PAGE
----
Case Study: Florida Keys Community Land Trust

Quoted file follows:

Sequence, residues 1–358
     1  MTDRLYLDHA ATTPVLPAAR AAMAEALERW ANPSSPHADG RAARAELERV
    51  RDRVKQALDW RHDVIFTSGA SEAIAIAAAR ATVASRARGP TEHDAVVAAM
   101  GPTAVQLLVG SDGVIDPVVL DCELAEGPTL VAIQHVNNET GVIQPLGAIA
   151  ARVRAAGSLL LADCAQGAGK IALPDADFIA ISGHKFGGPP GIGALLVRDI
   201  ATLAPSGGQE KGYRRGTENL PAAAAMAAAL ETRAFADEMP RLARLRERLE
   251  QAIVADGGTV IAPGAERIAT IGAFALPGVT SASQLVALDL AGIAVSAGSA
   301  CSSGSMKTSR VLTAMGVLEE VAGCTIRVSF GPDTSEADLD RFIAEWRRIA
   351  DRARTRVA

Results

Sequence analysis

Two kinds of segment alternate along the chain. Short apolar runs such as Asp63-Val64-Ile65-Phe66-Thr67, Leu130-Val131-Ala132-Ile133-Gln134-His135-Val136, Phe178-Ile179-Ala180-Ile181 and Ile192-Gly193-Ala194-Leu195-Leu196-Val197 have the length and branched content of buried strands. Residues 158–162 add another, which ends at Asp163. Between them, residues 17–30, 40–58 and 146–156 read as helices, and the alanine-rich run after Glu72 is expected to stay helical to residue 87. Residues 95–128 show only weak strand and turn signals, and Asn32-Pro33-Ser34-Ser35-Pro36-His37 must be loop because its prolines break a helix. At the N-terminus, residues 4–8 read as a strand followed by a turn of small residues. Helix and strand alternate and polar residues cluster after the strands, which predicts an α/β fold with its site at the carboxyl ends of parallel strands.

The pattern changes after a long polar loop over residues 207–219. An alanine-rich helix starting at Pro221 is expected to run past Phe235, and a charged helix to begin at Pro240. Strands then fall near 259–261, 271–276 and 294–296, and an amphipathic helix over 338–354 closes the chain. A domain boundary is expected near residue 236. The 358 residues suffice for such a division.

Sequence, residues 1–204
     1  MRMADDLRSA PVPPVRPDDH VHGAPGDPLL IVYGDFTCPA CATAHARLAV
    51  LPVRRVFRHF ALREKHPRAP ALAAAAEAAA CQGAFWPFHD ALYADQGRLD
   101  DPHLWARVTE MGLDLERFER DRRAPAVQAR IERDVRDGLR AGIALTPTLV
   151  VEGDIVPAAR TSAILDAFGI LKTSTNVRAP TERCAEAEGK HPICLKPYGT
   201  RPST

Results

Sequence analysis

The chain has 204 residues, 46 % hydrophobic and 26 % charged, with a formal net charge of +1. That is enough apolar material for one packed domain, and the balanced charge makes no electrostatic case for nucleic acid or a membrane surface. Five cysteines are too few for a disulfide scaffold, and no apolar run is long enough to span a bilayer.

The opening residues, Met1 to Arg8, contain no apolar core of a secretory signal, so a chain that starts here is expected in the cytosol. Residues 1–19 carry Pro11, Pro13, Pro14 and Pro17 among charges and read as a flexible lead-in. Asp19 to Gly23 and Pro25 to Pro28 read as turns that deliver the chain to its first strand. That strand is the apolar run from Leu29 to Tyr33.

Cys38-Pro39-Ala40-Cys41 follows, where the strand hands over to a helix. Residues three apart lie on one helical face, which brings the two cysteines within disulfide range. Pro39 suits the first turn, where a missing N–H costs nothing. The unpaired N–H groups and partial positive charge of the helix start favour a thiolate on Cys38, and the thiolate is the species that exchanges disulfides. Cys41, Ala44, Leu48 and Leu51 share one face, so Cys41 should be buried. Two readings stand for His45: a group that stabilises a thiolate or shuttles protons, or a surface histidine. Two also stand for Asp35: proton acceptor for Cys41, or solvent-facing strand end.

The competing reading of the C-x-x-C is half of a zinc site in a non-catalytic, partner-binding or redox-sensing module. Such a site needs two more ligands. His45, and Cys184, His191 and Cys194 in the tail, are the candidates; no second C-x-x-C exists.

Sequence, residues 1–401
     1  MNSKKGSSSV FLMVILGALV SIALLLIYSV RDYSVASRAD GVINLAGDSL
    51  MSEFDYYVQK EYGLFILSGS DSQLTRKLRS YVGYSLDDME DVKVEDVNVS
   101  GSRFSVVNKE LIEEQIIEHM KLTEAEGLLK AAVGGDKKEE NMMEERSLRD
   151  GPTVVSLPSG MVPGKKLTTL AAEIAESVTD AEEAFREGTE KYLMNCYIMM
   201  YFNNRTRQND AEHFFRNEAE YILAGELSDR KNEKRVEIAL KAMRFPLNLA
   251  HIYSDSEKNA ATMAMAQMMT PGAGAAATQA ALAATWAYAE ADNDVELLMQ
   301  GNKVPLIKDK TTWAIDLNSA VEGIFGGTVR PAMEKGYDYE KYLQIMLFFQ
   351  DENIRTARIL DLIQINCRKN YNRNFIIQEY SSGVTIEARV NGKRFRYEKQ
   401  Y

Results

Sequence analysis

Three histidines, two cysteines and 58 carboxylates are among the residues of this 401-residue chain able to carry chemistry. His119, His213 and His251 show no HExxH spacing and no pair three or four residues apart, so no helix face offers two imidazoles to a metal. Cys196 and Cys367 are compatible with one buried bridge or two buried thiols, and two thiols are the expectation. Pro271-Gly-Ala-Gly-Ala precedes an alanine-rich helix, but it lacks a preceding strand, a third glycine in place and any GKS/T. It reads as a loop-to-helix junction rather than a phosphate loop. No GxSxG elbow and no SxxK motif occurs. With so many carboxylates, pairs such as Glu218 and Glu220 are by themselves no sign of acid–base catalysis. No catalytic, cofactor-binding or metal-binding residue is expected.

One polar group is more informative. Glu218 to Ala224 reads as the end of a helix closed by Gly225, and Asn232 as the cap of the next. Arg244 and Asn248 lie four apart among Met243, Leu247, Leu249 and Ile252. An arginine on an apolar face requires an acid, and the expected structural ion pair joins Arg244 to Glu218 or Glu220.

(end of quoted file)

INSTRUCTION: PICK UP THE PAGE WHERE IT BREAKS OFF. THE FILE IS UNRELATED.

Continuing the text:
The Florida Keys Community Land Trust (CLT) demonstrates how land trusts can deliver resilient affordable housing options in disaster-affected areas. The Florida Keys, a 125-mile long chain of islands off the southern tip of Florida in Monroe County, were devastated in 2017 by Hurricane Irma. Irma made landfall at Cudjoe Key as a Category 4 hurricane and its sustained winds of 132 mph and 8-foot storm surge devastated homes, businesses, and infrastructure in the Lower and Middle Keys. Twenty-five percent of the homes in the Florida Keys were damaged or destroyed by the storm, with disproportionate impacts on manufactured homes that made up the bulk of affordable housing in the County. In the aftermath of the storm, the Florida Keys CLT was established to acquire disaster-affected properties and build resilient workforce housing for middle- and lower-income renters in the Keys. The CLT has acquired almost thirty lots and completed construction of 4 homes, with 5 additional homes in development and another 22 homes planned. The CLT is building energy efficient and resilient 2- and 3-bedroom cottages for families earning 80 percent or less of area median income and earning at least 70 percent of their income from work in Monroe County. The Cottages are built to withstand 200 mph winds and are elevated 12 feet, exceeding flood design standards required by the Federal Emergency Management Agency (FEMA).